As far us i can gather, SU 27 SK supposedly in the end as F 5 Replacements, and potentials as F 16 replacements also. That's why in 2004 the then air force chief comments that they need at least 4 sq of both version of Flankers. When this will fullfill, that's still a guessing games in here.

Sturm,

Hawk 100 uses both as light attack and LIFT. But seems the emphasis more on Light Attack and not LIFT.

Our Flankers so far still using standard Russian avionics for SK,SK2 & MK, MK2. As far as I know the original flankers that we ordered back in 1996 (SU 30 K) was supposedly uses some Western Avionics, however I have'nt found any references whether this also done to our current Flankers. There some articles (unconfirmed though) that the SU 30 MK2 already have IFF system that can communicate to TNI AU western standard IFF.

No, the Puma & CN 235 using exocet as far as the sources in here says, was technological demo from Indonesian Aerospaces/PT DI. The Puma & CN 235 can be wired with exocet and DI already have the capabilities integrating the missiles. But no operational version has been made yet.

For Hawks, perhaps I have to go back to the back drop on their acquisitions. Back in 1990's TNI AU wants replacements for A-4. They have looked for several candidates including Tornado IDS (which deemed to high costs to maintain). From sources that I have read back in the 90's (remembered this was still Soeharto's era, so Information was much scarce), the then MInistry of Technology BJ Habibie push Bae Hawks, because the willingness of Bae to help DI (then IPTN) establishing Hawk 100/200 productions line. While at the same time the Air Force preferences was more F 16. However deteriorating political relationship due to East Timor, reduces our chances on Having more F 16, while the Brit's at that time still show willingness to provide us with Hawk 100/200. On darker side, the procurements on Hawks was done through Soeharto's children companies, which in the end push the acquisition of Hawks 100/200 as high as F 16 costs.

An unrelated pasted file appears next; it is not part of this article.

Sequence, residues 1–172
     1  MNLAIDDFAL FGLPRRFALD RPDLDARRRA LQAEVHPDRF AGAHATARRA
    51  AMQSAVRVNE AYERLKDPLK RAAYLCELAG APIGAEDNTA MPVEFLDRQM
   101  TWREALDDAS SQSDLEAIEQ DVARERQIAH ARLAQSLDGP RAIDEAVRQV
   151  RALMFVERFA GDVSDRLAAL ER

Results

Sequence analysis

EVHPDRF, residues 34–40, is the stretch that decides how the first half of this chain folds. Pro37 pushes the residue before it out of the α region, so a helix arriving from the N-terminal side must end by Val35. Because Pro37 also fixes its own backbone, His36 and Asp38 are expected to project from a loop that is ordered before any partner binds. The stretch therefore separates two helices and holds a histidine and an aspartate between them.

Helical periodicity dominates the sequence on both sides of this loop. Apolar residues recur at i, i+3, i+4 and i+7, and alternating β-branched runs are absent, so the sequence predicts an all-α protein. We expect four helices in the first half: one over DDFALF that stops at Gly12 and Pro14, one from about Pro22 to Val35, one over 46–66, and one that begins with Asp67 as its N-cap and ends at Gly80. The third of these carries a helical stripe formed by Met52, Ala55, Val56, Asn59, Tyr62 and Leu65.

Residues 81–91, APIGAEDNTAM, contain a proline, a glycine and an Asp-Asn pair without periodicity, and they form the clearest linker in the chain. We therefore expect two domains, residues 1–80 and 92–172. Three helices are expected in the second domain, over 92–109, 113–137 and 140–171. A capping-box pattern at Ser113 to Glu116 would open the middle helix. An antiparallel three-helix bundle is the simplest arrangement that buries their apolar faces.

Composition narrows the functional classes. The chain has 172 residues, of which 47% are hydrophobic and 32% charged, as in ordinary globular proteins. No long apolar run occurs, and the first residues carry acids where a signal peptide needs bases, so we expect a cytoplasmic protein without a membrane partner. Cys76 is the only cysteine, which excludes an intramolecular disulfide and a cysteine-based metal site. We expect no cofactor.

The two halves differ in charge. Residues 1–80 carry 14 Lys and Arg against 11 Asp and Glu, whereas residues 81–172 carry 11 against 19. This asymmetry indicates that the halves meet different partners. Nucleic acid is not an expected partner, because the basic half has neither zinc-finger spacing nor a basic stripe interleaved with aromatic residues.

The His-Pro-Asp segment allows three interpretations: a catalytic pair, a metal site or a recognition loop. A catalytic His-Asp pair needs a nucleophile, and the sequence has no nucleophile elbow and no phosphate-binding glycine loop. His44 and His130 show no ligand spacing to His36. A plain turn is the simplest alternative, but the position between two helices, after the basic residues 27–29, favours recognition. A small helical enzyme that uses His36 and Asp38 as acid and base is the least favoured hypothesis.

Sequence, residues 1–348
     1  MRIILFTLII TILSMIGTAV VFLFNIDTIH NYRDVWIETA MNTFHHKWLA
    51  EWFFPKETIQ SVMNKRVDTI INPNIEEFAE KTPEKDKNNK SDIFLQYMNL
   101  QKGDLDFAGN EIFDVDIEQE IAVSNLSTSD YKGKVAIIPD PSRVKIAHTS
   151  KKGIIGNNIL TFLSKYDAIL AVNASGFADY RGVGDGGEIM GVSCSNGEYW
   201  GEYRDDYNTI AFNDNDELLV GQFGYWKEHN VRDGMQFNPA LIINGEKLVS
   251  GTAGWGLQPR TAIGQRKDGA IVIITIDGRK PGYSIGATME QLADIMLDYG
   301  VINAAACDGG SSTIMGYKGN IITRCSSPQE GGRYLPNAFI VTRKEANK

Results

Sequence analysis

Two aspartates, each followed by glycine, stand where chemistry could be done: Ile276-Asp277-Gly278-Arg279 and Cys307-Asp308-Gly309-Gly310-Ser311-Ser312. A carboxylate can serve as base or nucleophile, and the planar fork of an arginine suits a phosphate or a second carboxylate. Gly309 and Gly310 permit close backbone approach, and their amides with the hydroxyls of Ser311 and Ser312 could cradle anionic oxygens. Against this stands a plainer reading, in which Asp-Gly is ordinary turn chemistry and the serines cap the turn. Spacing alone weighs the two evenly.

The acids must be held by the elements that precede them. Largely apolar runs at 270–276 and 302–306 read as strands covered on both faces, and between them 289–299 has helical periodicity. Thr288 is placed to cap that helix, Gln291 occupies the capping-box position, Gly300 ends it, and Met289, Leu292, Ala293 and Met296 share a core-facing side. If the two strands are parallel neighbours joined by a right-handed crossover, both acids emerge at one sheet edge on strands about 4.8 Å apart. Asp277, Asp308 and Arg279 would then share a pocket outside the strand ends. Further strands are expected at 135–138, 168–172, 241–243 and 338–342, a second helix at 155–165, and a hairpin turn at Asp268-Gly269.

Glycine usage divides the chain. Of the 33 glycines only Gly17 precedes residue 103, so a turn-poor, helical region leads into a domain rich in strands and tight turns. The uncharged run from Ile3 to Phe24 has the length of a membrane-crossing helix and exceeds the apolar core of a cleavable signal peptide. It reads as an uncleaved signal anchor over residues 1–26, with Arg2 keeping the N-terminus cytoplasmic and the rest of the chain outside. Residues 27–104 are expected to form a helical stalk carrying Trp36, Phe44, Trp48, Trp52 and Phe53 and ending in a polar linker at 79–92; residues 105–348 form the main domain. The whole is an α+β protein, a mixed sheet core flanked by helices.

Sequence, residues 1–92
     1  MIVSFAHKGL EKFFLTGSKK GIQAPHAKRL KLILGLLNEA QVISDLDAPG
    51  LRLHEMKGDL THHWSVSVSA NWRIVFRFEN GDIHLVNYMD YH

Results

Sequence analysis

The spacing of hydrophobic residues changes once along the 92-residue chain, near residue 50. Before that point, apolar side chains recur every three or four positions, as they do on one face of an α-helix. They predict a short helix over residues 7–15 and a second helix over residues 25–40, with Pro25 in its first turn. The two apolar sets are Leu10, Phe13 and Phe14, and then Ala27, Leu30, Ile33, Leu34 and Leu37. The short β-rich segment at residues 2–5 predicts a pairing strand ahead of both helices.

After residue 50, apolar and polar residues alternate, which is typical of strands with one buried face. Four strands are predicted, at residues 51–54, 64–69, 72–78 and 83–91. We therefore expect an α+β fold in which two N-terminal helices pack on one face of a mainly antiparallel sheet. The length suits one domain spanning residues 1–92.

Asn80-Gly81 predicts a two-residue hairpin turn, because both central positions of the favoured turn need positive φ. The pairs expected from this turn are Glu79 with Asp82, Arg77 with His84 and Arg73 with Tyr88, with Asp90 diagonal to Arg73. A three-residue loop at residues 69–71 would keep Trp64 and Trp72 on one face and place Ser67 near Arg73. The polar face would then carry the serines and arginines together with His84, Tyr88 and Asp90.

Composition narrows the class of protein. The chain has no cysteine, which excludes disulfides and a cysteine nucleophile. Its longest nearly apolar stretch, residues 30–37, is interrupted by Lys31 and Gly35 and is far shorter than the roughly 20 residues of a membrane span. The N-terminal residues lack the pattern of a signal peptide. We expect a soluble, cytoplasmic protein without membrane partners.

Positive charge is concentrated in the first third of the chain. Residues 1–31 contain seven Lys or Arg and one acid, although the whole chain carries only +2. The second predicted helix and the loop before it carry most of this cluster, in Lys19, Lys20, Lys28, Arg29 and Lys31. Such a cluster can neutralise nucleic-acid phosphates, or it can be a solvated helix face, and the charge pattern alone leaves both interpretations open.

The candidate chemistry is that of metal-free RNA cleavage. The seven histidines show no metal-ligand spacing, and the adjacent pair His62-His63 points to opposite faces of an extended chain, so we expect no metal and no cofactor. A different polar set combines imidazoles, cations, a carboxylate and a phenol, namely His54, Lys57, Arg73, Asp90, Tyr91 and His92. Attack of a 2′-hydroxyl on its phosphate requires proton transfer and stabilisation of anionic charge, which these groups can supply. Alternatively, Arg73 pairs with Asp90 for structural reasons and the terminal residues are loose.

I put the underperformed, because the the requirements for the jobs (F 16 class fighters) clearly can not be done by Hawks 200. In sense they're underperformed, because the expectations for the job's to high to their specs.

Yes the TNI AU already show their expectations for more C 130. However we still can't afford for C 130 J, thus the choices was seconhand C 130 H. Facing on the options, seems the Air Force now turning on refurbishing existing C 130 B to C 130 H standard, and optimizing current C 130 H fleet to at least 90% readiness. If this can be done, then our operational C 130 will be back to the 30 aircraft fleet readiness.